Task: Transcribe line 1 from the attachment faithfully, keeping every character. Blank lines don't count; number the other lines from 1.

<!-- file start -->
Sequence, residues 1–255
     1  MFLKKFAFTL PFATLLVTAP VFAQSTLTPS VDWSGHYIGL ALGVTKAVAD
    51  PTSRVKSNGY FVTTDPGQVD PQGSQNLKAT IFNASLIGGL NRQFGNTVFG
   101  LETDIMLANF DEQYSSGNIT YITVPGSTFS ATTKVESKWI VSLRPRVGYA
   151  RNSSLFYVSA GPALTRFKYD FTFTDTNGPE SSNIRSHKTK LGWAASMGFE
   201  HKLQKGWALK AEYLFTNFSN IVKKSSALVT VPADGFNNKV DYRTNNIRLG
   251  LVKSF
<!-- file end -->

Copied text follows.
Sequence, residues 1–255